Daytrana; The ADHD Patch

As the most widely studied childhood disorder, ADHD treatments and programs remain at the forefront of pediatric and psychiatric professionals in addition to focus by school educators and parents. In small children, generally under the age of 12, parents often find the administration of ADHD prescribed oral medications are difficult as many children simply may not be able to, nor want to, swallow a pill. With the advance in pediatric ADHD treatment, the development of an ADHD patch, Daytrana, will allow for a more versatile approach to treatment in small children. Understanding the concept behind the patch, the side effects and contraindications will enable parents to make informed decisions regarding the care of a young ADHD child.

Daytrana, the ADHD patch manufactured by Noven Pharmaceuticals, is the size of a credit card. Offering nine continuous and sustained release hours of methylphenidate, the ADHD patch, Daytrana, is considered an ideal alternative to traditional oral pill forms of the methylphenidate, such as Ritalin and Concerta. Targeted primarily to children ages six to 12, the patch is expected to treat approximately 15 percent of the ADHD pediatric population. Placed at the hip location of the child, the disadvantage to the patch usage is in the ability of the child to remove the patch at any point of the day. However, with proper training, most children will find the therapeutic results are significant enough to result in non-removal of the patch.

Previously rejected by the FDA in 2003 under a 12 hour sustained released patch, the new patch, under a nine hour sustained release, was approved by the FDA in 2006. With preliminary studies showing side effects including tics, insomnia and significant weight loss, the FDA has approved the modified version of the patch which shows to significantly reduce side effects as previously demonstrated. Of concern with the second trial is an indication of the development of a skin rash in the around in and around the Daytrana patch location on the hip. Although rare, the rash proved to be significant to cause concern. The panel reviewing the ADHD patch for the second review of approval has recommended the patch be utilized only as a second line of therapy in the event oral medications are not successfully administered or utilized in resolving the ADHD symptoms.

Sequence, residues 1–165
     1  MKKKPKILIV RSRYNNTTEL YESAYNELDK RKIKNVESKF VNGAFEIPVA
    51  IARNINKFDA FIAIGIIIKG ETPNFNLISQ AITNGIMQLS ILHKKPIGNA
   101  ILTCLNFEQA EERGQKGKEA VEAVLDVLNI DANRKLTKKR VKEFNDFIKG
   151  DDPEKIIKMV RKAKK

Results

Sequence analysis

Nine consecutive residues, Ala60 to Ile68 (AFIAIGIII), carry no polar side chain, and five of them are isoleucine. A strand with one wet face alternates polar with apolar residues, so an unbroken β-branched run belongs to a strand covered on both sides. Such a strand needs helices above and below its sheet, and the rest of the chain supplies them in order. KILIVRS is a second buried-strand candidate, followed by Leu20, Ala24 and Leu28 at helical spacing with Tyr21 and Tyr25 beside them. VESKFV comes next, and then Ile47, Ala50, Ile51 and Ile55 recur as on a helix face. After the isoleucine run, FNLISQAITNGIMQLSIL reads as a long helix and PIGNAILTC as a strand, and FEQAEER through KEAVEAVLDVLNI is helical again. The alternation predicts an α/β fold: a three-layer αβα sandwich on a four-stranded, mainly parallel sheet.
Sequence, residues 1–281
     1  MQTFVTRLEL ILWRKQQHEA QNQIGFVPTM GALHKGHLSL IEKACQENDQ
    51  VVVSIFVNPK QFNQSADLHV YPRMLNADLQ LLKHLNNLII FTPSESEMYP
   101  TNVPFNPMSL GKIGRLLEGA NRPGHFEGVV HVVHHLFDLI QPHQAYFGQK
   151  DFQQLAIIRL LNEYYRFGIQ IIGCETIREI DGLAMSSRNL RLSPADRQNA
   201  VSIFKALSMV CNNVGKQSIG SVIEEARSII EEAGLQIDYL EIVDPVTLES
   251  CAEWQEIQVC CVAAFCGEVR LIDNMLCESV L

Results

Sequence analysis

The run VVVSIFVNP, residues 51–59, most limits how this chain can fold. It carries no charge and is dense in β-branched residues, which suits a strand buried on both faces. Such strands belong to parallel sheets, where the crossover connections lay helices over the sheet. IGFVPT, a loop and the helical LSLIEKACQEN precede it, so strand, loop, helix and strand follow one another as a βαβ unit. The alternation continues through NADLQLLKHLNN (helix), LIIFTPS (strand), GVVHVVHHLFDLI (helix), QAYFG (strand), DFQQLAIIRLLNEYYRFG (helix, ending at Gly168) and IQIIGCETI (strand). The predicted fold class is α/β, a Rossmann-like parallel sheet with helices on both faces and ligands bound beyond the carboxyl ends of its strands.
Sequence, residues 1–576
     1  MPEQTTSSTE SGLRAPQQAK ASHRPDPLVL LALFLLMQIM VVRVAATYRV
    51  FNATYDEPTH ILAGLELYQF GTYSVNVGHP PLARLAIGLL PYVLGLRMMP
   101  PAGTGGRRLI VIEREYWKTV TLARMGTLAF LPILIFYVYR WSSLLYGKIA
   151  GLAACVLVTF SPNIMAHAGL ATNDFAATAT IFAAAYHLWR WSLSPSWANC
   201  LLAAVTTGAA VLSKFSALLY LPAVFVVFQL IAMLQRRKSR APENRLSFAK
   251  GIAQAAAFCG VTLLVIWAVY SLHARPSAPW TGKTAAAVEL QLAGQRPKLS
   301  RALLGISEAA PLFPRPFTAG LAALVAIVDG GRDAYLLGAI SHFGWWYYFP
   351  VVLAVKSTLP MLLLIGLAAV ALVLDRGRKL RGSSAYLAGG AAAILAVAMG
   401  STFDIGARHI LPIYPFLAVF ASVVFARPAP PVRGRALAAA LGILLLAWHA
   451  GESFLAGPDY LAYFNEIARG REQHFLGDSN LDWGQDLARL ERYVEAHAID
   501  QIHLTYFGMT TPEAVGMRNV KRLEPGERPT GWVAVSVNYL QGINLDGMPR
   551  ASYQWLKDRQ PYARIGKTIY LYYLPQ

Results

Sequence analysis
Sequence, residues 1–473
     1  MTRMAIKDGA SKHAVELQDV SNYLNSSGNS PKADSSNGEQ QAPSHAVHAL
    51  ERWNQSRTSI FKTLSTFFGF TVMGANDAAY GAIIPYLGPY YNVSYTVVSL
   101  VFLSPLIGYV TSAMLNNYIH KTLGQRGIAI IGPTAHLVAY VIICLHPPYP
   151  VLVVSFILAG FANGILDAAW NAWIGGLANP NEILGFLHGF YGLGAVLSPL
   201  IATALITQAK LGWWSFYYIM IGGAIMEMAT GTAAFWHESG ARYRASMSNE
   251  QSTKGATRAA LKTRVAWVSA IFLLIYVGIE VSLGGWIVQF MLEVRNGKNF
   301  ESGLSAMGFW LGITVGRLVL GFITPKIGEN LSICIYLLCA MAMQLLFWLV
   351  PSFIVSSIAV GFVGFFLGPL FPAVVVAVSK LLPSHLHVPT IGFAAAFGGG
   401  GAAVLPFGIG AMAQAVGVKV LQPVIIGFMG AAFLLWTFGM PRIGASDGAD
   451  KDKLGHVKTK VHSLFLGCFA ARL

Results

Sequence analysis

The use of Daytrana, the ADHD patch, is contraindicated in children suffering from anxiety, glaucoma and severe tension or agitation. In children presently treated for depression, the use of Daytrana may also be contraindicated and should be discussed with the pediatrician or psychiatrist prescribing the ADHD patch. Dosing is recommended in a 30 mg patch which should be removed immediately following a nine hour administration which provides for additional concern with regard to administration throughout the period of the school day.

For children suffering from ADHD symptoms, the use of methylphenidate provides significant results in terms of relieving ADHD symptoms while improving social, psychological and academic performance. For children unable to use oral medications, the use of Daytrana, the ADHD patch, may be considered as a second line of therapy. For more information, contact your child’s pediatrician regarding the use of Daytrana patches.

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